Active volunteer, art collector Jordan Perlman appreciates Judson Manor’s inclusive atmosphere

You’ll be hard-pressed to reach Jordan Perlman during the day at his Judson Manor apartment.  He’s too busy volunteering at Cleveland Clinic.  The spry, affable 87-year-old greets patients and guests, answering questions and offering directions, five days a week.

“I answer about 80 questions a day,” says Jordan, who’s amassed well over 8,000 volunteer hours at the Clinic over the last seven years.  In 2012, he was named the Cleveland Indians Volunteer of the Year for his dedication.   But he’s not in it for the accolades.

“It gives me something positive to do,” he says. “I enjoy helping people.”

Jordan’s family moved to Cleveland in 1936, eventually settling in Cleveland Heights.  For most of his adult life he lived in East Cleveland, where he owned and operated Jordan’s Shoppe, a women’s apparel store, for 55 years.

He moved to Judson Manor in University Circle in 2007 because it was convenient to all the things important to him-his Clinic volunteer position and the culture of Cleveland.

“University Circle is growing in leaps and bounds,” says Jordan. “It’s a place I wanted to be a part of-where I could spend the rest of my life.  Plus, living here, I have peace of mind. There are no worries-I’ll always be taken care of.”

He chose a renovated fourth-floor apartment that he was able to customize to his taste. The sleek space, complete with track lighting and black and taupe-painted walls, showcases his love of art.  He owns an eclectic mix of primitive African and modern pieces, including several works by Cleveland-based contemporary artists Chris Pekoc, Tom Balbo and Ralph Woehrman.  From a practical standpoint he appreciates having central air conditioning and heat.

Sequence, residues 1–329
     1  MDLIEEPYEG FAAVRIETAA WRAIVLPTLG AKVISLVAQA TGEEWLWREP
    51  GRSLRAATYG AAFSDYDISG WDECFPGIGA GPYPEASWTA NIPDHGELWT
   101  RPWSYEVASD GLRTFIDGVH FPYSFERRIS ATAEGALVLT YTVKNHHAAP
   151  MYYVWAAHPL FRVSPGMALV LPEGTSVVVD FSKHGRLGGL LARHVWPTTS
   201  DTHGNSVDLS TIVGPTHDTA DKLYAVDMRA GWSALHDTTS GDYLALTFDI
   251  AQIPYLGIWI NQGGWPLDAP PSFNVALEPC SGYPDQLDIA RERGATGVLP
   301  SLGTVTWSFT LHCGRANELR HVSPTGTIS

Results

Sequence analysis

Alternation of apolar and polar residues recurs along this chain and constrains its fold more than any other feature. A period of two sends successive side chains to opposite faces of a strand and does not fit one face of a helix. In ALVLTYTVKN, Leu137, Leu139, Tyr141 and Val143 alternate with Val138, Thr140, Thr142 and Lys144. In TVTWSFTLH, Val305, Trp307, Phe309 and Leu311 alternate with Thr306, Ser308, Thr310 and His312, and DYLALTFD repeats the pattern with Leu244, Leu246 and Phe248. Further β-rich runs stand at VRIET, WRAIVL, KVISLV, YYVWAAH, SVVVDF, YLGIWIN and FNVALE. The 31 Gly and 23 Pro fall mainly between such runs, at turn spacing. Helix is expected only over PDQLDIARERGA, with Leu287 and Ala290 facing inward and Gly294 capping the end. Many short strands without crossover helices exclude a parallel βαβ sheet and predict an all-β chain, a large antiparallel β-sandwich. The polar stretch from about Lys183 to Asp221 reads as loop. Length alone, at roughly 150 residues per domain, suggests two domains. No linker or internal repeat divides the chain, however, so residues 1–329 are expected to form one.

He frequently attends concerts at both Severance Hall and the Cleveland Institute of Music, and enjoying walking to the Cleveland Museum of Art to enjoy its newly renovated galleries.  In addition to his gig at Cleveland Clinic, Jordan has discovered other volunteer opportunities right at home-he bartends at happy hour and co-chairs the garden committee.  He keeps an active social calendar, regularly combing the Friday newspapers looking to attend the latest art gallery openings.

He hosts large dinner parties and often calls on the Manor to cater these affairs.  “It’s extremely convenient, since I don’t cook,” admits Jordan, who jokingly shows off his spotless kitchen.

But beyond his apartment and the location, Jordan admits it’s the people living at the Manor who make it special.

“From the first moment I walked in, I was struck by the relaxed atmosphere and the warmth of the residents,” he says.  “I’ve made many great friends.  There’s an inclusiveness here that I couldn’t get anywhere else.  I really know my neighbors!”

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